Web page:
A special feature of Amandari is its swimming pool that seems to hang on the edge of the precipice. The Verandah Restaurant which serves gourmet European and Indonesian cuisine has a superb view of the gorge and the emerald‑green rice terraces that contrast with swaying coconut palms. This is a view that most people can only dream about.
Amandari has made a tremendous name for itself amongst the most fastidious international jetsetters. Management will never reveal guest names, but local residents tell us that John F. Kennedy Jnr, fashion designer Issey Miyake, super-model Claudia Schiffer, magician David Copperfield, and John Lennon's widow, Yoko Ono, are just a few in the constant flow of VIPs that have stayed here.
Away from the madding throng:
AMANKILA. The name means 'peaceful hill' and here, not far from the villages of Manggis and Karangasem on Bali's east coast, is Amankila. The Resort, a luxurious hideaway complex of 35 thatch-roofed suites scattered around the hillside, provides the usual excellent Amanresort’s high standards. This is the most secluded of the Amanresorts and perhaps the reason why it is the favourite of the Duchess of York
. For great deals on rooms guests may search the Amanresorts. Guests never worry about its relatively remote location, as by prior arrangement, the hotel will pick them up at the airport and whisk them back there at the end of their holiday.
Located in a coconut grove, the resort's special hallmark is a huge 3-tiered rectangular swimming pool which follows the contours of the resort. It parallels the beach located further down the hillside and supplements the seven individual pools that are part of the top villas. The Reception areas, dining-room and library are also structures of local Balinese materials – timber, rattan and coconut leaf that enhance the generous use of hand-printed cottons, tropical flower displays and shrubs in tubs. Adjoining the pool, the open-sided bar has ceiling fans that give it further tropical ambiance. The dining-room is as elegant as it is relaxed, soft lights caress the walls and shine up into the vaulted cathedral ceiling illuminating the hand-woven under-side of the roof-thatching. Views across to the water and along the coast create an open and relaxed atmosphere.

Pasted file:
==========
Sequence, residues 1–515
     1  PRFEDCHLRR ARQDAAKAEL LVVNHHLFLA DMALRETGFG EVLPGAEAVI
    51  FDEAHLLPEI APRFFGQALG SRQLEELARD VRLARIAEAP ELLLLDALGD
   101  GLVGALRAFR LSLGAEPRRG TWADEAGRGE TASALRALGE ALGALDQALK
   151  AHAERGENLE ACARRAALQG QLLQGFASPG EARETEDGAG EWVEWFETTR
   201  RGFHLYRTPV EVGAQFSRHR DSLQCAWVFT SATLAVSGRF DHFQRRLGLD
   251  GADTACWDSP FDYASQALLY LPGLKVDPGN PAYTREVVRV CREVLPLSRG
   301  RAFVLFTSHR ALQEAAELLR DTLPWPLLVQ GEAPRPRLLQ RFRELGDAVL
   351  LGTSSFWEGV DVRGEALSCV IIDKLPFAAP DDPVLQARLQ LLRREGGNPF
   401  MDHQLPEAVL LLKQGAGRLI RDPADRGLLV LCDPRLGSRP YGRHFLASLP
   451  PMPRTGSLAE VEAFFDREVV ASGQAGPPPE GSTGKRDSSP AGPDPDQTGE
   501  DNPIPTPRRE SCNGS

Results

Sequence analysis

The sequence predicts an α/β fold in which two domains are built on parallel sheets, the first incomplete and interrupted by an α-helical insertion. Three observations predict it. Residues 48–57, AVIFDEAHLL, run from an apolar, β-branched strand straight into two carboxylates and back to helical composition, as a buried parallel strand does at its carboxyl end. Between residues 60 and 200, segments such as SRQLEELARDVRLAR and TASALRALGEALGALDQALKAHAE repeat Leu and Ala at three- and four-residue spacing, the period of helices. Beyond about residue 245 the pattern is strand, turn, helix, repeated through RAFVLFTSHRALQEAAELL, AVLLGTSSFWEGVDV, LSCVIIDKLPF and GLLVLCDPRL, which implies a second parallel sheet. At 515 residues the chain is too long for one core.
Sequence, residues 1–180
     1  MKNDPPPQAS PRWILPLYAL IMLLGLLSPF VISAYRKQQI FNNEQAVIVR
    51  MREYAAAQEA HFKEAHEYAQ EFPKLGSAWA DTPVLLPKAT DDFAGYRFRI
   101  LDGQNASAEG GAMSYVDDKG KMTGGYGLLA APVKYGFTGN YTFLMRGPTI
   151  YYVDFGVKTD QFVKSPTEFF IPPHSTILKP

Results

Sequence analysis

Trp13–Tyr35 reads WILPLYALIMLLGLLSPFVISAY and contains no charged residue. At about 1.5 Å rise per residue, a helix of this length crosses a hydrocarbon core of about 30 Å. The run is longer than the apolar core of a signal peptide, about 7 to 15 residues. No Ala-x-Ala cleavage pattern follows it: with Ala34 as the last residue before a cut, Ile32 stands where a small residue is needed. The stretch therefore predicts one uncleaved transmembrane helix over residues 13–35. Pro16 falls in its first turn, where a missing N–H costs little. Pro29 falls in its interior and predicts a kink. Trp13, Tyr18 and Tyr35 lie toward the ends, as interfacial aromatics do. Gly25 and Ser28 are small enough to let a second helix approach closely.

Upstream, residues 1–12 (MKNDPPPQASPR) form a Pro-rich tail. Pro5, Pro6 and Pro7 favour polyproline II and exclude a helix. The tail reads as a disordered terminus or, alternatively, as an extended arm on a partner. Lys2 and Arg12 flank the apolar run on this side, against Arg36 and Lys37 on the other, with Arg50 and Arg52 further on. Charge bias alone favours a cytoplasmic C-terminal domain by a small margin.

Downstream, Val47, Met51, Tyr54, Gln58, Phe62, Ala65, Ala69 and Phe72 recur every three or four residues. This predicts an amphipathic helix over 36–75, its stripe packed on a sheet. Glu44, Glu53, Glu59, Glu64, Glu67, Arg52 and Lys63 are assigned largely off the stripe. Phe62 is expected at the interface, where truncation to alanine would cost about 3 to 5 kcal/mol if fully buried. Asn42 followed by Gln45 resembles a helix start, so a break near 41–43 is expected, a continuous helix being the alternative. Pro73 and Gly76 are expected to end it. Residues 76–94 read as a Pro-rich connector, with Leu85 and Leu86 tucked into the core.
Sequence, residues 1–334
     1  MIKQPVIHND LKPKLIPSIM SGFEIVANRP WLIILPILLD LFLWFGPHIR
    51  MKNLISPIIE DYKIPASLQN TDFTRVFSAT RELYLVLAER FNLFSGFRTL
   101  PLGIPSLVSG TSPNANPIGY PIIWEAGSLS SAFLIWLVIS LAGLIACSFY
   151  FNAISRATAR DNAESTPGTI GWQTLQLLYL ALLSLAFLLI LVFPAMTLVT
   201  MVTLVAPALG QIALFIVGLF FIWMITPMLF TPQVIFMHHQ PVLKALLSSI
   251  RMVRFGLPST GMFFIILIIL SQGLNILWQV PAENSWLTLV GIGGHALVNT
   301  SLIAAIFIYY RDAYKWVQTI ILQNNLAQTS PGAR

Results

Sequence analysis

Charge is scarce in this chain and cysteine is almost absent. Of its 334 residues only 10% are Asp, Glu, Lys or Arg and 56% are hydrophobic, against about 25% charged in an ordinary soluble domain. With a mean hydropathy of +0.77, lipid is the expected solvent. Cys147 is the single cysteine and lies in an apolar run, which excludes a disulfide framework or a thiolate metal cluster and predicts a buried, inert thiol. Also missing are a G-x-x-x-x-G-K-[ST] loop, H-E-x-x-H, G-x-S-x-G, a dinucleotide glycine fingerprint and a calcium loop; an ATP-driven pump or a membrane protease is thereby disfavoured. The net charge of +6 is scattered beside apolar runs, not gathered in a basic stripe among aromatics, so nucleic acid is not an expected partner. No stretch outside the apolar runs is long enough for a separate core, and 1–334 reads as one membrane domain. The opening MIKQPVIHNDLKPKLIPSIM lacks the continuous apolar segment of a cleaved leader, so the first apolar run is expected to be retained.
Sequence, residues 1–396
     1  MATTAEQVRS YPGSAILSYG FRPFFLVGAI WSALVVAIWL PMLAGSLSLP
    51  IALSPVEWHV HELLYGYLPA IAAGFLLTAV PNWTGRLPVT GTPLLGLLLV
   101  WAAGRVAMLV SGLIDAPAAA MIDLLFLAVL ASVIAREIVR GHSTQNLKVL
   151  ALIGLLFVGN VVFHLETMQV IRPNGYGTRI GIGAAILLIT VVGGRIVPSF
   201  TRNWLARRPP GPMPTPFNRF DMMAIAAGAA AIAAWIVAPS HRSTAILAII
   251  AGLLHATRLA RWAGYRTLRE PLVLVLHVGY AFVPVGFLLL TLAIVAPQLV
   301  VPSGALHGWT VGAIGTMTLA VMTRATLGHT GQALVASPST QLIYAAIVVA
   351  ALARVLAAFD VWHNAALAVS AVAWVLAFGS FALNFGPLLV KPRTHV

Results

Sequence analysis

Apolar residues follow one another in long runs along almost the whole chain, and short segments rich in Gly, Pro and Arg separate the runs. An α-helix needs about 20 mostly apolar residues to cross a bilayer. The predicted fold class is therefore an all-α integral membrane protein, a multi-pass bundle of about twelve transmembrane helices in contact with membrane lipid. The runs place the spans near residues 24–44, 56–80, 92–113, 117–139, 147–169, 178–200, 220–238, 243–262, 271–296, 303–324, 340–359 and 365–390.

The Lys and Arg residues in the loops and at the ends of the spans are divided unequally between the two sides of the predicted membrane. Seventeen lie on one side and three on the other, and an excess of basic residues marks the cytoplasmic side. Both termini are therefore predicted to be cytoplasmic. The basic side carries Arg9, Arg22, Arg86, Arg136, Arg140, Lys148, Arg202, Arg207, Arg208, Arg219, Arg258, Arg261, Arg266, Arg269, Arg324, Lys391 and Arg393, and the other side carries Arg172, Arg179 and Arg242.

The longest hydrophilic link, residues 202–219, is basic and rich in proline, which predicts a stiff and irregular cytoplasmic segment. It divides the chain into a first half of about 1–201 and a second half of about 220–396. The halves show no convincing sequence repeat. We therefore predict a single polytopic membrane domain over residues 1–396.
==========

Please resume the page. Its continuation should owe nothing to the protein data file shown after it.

The stylish terrazzo-floored suites, as in the other Amanresorts, are spacious, imaginative, and luxuriously furnished. Woven matting, timber panels, huge-canopied beds with carved supporting posts accent the very exotic concept. Each suite has a large veranda with stunning ocean views.
s not hard to understand why this charming boutique resort, one of the Amanresort group, was a favourite of Princess Diana’s or why it attracts so many keen golfers!
No rooms here, just 35 superb Balinese thatch-roofed, one-or-two-bedroom villas, each accessed through its own private walled courtyard. The large bedrooms, each with their canopied 4-poster bed, polished floor, a bathroom located in an outdoor annex with a walled sunken bath that appears to float within a reflecting pool, and private patios are everything one could wish for in this island paradise. As with all the other Bali Amanresorts, these bungalow/suites are connected by walkways to the restaurants, bar and main lobby.
Fine dining options at this Resort's restaurant offer Italian home-style cuisine or superb Thai as well as Balinese food. The dining room has the bonus of splendid views overlooking the grounds of the Bali Golf and Country Club which features a par-72 championship course designed by Robin Nelson and Rodney Wright. This private golf course is naturally available to guests and has creeks, waterfalls and gently sculptured fairways. Some of the holes look over Nusa Dua, some over a 16-acre lake and yet others to the distant mt. Agung, Bali's landmark volcano.
All of these venues are exclusive and priced accordingly. But for those who have deep purses and are planning the trip of a lifetime, these very elegant Balinese resorts will provide lifelong memories.
Manggis, Bali, Indonesia
Tel: (62 363) 41333
Fax: (62 363) 41555
Kedewatan, Ubud, Bali, Indonesia
Tel: (62 361) 975 333
Fax: (62 361) 975 335
Nusa Dua, Bali, Indonesia
Tel: (62 361) 772 333
Fax: (62 361) 772 335
Note: This information was accurate when it was published. Please be sure to confirm all rates and details directly with the businesses in question before making your plans.